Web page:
Should Zin Be in?

Why the forgotten California Zinfandel deserves some love

Zinfandel is California’s heritage grape, dating back to the 19th century and yielding wines with characteristics ranging from fruity to intense to muscular. These days, a red wine list may only offer Zinfandel by the glass or leave it off altogether. On that same wine list, Malbecs, Cabernets, Pinot noirs, and blended varietals from around the globe will likely be more plentiful. Certainly, the type of cuisine and breadth of menu offerings factor into what wines are served, but latitude usually exists for a popular grape-of-the-moment, and there was a time when Zin was in. Now, San Diegans looking for Zin are out of luck. What happened to the once-loved grape? Local wine experts provide sobering insights. 

Jeff Josenhans, head mixologist/certified sommelier, The Grant Grill: “Sommeliers tend to see Zins as less complex than Pinots can be. As a wine buyer, you want to appease the consumer palate and offer what you think will reward the experienced wine drinker, as well. So you see, there are social trends."

Robert Gelman, owner, Grape Connections: “Millennials (born 1977 and later) are looking for different wines and interesting blends, while older drinkers are tired of the high alcohol content of big ‘port-style’ wines—same thing with Shiraz. Plus, Zin is not as versatile (with certain foods) as Cabernet and Pinot noir.”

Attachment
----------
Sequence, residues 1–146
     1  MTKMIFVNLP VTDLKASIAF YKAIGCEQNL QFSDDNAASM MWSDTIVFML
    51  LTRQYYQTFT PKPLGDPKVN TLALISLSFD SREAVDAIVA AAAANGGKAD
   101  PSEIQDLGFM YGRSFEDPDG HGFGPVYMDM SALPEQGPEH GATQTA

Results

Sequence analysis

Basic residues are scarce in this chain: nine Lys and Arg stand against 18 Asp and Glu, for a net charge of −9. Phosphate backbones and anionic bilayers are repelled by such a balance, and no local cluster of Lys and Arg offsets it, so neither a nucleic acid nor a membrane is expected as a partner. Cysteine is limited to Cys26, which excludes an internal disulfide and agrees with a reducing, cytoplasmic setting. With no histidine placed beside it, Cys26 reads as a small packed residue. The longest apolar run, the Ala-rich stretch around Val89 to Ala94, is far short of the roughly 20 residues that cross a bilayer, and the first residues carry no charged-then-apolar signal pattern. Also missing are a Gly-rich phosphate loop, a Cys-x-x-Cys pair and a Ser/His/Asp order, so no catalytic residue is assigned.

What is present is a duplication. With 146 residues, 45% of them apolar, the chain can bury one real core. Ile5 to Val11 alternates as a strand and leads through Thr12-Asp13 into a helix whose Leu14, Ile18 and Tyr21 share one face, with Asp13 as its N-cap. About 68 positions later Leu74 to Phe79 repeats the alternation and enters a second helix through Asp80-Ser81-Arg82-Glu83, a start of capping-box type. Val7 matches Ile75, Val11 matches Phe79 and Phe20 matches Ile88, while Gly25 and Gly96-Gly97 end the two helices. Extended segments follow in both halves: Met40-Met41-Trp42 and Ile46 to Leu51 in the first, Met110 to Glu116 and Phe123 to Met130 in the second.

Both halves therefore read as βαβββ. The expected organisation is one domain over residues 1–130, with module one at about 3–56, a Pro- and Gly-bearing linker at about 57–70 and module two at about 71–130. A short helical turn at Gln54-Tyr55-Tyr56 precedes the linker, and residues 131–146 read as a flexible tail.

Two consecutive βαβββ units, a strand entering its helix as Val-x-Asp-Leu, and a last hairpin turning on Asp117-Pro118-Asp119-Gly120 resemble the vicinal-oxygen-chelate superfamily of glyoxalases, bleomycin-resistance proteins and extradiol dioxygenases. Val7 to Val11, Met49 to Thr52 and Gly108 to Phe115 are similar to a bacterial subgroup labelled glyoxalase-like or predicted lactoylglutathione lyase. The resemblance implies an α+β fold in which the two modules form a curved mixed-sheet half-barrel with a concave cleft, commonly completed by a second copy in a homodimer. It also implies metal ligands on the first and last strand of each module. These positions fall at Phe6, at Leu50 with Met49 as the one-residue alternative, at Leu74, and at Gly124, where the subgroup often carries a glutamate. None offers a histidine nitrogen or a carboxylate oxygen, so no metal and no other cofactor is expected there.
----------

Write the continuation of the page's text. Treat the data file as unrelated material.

Rita Pirkl, owner, Village Vino: “People generally look for more balanced, lower-alcohol wines that can be consumed with a meal. Unfortunately, a lot of Zinfandel is a meal in and of itself. Why no Zinfandel by the glass? California Zinfandel is relatively expensive compared to varietals from around the world.” 

But Zin is far from “fin.” And it still ranks as California’s second most planted grape. Maybe a reverse of Sideways’ Merlot moment in pop culture can reignite interest. Or, as Josenhans suggests, an evolution happens where Zins are “made in a lighter, more ‘Bordeaux-like’ or ‘food-friendly’ style, much like Pinot noirs”—what some producers are already calling “Zinot.” —Gerald “Dex” Poindexter

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